restricted access 2. Saint Lucia: Tout Moun Ki Ka Fè Kannawi

From: Creole Clay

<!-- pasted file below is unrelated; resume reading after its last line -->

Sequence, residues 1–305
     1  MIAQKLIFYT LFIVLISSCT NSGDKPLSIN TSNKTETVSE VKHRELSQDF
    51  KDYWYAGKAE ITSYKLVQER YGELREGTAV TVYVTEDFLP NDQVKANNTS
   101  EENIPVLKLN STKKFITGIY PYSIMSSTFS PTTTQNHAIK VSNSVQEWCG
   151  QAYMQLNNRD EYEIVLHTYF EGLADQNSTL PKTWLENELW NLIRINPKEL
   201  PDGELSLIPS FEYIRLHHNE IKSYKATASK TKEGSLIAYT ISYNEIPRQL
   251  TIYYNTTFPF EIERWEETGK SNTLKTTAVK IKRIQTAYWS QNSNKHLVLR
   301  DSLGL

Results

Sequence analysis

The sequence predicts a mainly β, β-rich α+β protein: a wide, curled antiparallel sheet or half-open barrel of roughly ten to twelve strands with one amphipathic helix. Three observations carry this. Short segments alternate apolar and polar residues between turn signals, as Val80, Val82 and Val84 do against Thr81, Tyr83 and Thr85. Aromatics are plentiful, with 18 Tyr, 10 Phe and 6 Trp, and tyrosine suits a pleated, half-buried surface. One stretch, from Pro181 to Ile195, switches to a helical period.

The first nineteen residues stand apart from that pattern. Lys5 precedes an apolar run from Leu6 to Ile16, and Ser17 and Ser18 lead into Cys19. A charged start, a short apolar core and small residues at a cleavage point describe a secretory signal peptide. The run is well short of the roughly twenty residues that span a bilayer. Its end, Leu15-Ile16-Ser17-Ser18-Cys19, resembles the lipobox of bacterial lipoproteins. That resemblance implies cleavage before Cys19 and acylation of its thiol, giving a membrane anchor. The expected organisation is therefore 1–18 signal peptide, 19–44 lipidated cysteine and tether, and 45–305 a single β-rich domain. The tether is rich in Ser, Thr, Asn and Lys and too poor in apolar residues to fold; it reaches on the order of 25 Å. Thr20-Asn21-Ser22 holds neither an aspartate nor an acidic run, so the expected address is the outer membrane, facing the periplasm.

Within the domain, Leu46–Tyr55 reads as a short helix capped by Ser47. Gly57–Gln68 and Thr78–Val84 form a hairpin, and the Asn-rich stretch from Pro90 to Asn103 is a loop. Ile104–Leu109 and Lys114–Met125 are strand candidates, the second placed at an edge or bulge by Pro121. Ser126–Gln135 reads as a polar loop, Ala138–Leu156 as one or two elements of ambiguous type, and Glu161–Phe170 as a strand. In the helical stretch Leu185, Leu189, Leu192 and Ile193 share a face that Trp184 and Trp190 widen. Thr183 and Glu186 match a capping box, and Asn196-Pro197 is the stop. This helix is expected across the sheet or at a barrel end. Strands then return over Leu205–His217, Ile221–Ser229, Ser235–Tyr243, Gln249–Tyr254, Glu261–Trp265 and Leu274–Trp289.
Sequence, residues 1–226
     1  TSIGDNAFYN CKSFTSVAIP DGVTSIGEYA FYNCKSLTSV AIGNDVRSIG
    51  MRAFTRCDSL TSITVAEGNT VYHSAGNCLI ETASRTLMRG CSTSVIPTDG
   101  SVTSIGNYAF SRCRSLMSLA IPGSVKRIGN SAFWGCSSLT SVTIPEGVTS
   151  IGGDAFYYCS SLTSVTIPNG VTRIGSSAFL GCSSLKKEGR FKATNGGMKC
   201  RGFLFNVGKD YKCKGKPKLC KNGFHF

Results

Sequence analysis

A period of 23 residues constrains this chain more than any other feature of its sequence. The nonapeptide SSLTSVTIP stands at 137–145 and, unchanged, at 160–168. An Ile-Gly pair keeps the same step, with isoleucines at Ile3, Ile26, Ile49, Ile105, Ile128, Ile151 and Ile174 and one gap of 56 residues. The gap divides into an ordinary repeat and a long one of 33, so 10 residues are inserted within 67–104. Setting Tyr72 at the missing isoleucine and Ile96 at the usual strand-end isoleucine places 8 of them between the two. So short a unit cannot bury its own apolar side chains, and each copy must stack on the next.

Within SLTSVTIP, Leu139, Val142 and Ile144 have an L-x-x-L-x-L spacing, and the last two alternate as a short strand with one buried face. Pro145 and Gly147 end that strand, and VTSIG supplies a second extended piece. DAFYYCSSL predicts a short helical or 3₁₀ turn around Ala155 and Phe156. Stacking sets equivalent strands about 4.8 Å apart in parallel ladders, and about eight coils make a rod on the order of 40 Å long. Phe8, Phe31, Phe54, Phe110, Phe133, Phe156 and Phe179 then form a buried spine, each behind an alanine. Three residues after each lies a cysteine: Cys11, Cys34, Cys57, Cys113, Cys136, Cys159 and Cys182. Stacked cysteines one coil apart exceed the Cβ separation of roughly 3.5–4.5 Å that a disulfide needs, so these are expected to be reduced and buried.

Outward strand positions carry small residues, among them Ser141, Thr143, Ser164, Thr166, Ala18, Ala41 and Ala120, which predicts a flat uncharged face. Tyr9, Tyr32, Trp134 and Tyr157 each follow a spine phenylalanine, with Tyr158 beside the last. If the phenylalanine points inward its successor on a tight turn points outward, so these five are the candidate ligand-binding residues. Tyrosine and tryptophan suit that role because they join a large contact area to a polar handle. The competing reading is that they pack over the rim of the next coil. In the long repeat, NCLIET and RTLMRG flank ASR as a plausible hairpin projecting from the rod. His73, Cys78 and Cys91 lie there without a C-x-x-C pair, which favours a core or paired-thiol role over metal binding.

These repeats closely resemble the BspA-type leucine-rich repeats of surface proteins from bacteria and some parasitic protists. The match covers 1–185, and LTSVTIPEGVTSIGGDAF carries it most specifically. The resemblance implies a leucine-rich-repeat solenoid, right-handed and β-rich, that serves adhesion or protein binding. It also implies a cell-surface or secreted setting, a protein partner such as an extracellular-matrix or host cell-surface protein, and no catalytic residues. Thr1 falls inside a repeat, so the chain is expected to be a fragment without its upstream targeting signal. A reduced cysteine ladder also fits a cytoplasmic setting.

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15 2 Saint Lucia Tout Moun Ki Ka Fè Kannawi That’s my work—I will always do it until I cannot do it anymore. —Irena Alphonse, potter, Saint Lucia The country of Saint Lucia has a rich and complicated history out of all proportion to its geographic size of fourteen miles wide and twenty-seven miles long. In the southern end of the island, the district of Choiseul is home to a substantial community of women potters of African and Amerindian descent who continue to make functional pots using traditional, inherited ceramic technologies. With more than two dozen active producers, they represent the largest group of this kind in the Anglophone Caribbean. The work of these potters and others like them throughout the region bears witness to the self-sufficient craft practices that emerged on the plantation, and came to fruition in the independent society that evolved after the end of the African slave trade and the emancipation of slaves in the colonial Caribbean. In writing about St. Lucian ceramics I have chosen to begin with the potters themselves, for it is their hands that have shaped this story. Later chapters will explore the objects they produce, the specific techniques used, issues of historical provenance and cultural continuity, and related traditions across the region. The great benefit in the study of living heritage is the opportunity to know the makers, and to acknowledge the human intersections of culture and clay that are evident in the present yet extend into the past. When only artifacts remain, analysis must of necessity be focused on the object, and the simple fact that pots are made by people is often overlooked. Figure 2.1. Pictured at the age of seventy-four, St. Lucian potter Delia Peter continues to make and fire traditional earthenware pottery at her home in Morne Sion, Choiseul. 16 Creole Clay Settling Saint Lucia To create context for the lives of the potters today, it is important to first understand the history of the settlement of Saint Lucia, and the evolution of its diverse population. In the ten centuries before the appearance of Columbus the island was home to a series of Amerindian communities, but by the fifteenth and sixteenth centuries was only lightly settled by Carib Indians. Ostensibly named by the French after the Catholic Saint Lucia of Syracuse, the island was variously sighted and used as a transit stop by European pirates, explorers, and merchants. The first Europeans to attempt to colonize Saint Lucia were a group of marooned British sailors originally bound in 1605 for the Guianas in South America on a ship called the Olive Branch. Within a short period of time after their inadvertent landing they were summarily killed or ejected by the Island Caribs whose settlements were well established on the neighboring island of Saint Vincent. The French followed with several attempts at formal colonization that were met with a similar response from the indigenous inhabitants, and despite the signing of various treaties the Caribs ultimately lost control of the island to European forces in the 1660s Map 2. Saint Lucia. Created by William L. Nelson. Saint Lucia: Tout Moun Ki Ka Fè Kannawi 17 and largely moved out of Saint Lucia. For the next one hundred and fifty years the island was passed back and forth between French and British rule at least fourteen times, causing repeated chaos and disruption for European colonists attempting to establish profitable plantations following the patterns of colonization elsewhere in the Caribbean. The second half of the eighteenth century was a reasonably stable period with a strong French administration, and the establishment of agricultural estates across the island rapidly escalated after the introduction of sugar cultivation in 1763. In time, however, hurricanes, landslides, fires, revolutions, and revolts all took their toll on the small, unstable colony, and most of the cotton, cocoa, coffee , and sugar estates were repeatedly bought, sold, seized for debt, and disposed of by judicial sale. From 1806 onward England would govern the French-speaking, largely Catholic island, but it was clear that Saint Lucia, at least from an economic standpoint, was fundamentally unsuccessful as a profit-earning colonial enterprise . By 1837, British visitors Joseph Sturge and Thomas Harvey observed, “St. Lucia has been more completely neglected, both by the government and people of England, than any other colony.”1 In the 233 years between the ill-fated voyage of the Olive Branch in 1605 and the completion of the emancipation process in 1838, land...


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